US radio giant Clear Channel Communications has come under fire from women's health advocates over a Christmas contest in which stations granted breast enlargement surgeries to women in four cities.
In the "Breast Christmas Ever" contest, 13 women were awarded the procedure after writing essays to the stations explaining why they wanted larger breasts. A Tampa station claimed to receive more than 91,000 entries.
Clear Channel said it had nothing to do with the contest and that it was a decision by local station managers to hold the promotion, which was aired in Tampa, Jacksonville, St. Louis and Detroit.
The contest has drawn the ire of both the National Research Center for Women & Families and the National Organization for Women. NOW has urged its supporters to file complaints with the Federal Communications Commission against Clear Channel and its stations.
The controversy comes within months of Clear Channel paying a record US$1.75 million fine to resolve indecency complaints against New York-based shock jock Howard Stern, Tampa radio personality "Bubba the Love Sponge" and others. The station formally agreed to "clean up its act," FCC Chairman Michael Powell said in June.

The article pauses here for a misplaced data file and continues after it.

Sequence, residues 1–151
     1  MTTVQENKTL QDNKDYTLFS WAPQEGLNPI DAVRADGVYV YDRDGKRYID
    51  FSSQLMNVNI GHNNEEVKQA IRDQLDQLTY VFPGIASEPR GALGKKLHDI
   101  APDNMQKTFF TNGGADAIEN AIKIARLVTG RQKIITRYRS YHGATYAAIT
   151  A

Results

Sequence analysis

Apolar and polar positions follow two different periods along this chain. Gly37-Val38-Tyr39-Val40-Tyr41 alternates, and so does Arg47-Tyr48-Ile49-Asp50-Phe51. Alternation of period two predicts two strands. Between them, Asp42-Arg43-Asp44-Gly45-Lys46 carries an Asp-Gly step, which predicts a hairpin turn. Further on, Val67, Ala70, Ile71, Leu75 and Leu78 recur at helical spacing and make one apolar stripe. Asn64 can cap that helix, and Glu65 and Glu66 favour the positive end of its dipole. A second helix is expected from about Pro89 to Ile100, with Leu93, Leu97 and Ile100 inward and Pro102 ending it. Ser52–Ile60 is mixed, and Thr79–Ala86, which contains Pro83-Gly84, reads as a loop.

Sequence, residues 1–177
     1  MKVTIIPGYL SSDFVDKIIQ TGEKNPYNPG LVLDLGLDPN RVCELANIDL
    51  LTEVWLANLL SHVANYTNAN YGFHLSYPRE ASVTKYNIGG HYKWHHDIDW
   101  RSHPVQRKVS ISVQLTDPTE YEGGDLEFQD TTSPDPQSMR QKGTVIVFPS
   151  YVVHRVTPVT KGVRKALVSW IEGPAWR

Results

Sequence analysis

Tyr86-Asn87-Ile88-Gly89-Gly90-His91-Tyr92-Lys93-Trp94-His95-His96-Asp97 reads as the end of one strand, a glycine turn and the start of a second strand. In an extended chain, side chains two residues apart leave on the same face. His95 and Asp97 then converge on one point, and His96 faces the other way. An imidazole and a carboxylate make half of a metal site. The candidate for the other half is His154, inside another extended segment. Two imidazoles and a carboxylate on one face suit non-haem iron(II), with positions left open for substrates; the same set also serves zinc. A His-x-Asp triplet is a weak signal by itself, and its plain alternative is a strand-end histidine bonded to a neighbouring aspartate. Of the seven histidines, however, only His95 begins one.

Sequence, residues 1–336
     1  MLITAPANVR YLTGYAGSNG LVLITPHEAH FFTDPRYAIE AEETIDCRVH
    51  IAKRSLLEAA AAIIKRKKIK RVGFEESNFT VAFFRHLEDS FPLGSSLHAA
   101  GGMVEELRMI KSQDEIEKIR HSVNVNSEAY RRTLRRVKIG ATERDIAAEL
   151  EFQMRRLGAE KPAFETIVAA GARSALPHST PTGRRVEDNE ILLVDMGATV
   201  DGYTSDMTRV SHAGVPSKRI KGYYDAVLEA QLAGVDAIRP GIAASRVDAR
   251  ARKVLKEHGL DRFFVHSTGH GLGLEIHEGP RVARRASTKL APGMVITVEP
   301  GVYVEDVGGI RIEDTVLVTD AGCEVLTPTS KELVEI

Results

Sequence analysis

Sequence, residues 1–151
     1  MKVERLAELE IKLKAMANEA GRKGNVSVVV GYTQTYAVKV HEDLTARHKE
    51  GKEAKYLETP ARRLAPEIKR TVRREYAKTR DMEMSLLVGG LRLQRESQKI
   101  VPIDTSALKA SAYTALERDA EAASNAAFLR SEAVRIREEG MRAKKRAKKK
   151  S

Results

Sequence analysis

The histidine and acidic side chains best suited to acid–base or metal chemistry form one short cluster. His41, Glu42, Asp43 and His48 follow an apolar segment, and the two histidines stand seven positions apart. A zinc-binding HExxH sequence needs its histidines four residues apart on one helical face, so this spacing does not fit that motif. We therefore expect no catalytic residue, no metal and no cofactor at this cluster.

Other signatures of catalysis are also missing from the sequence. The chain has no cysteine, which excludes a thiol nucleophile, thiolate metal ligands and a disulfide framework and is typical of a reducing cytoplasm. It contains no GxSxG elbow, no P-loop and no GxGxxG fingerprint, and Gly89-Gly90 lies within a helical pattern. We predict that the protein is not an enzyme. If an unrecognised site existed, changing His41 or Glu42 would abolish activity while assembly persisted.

While neither women's group is alleging the breast surgery contest violated decency standards, they are complaining the contest promotes potentially dangerous surgery and leaves its winners with no legal remedies should the surgery go awry. Under the rules, winners must be at least 18 and sign a waiver protecting the company from all liability claims.
"I try not to be judgmental about whether a large radio station should be giving away free toys to children instead of free breast augmentation," said Diana Zuckerman, president of the National Research Center for Women & Families, a health advocacy organization.
NOW is urging the public to send e-mails to Clear Channel and the FCC to complain about what it considers a "degrading and unethical contest." About 3,400 messages have been sent to the FCC and Clear Channel, NOW said Monday.
Jennifer Gery, a spokeswoman for Clear Channel, said the company had no oversight of the contests and didn't sponsor them.
"There is no reason to be concerned because it's not a Clear Channel-sponsored contest," Gery said. "We empower our local manager to make programming decisions."
David Fiske, a spokesman for the FCC, said the agency does not regulate the content of radio station contests unless it violates decency standards.
The FCC only requires radio stations to conduct contests exactly by the stated rules and to fully disclose the terms of the contest.
NOW has been active in lobbying the Food and Drug Administration against the marketing of silicone breast implants and has an ongoing "Love Your Body" campaign aimed at countering what it says are unrealistic body images promoted in the entertainment industry.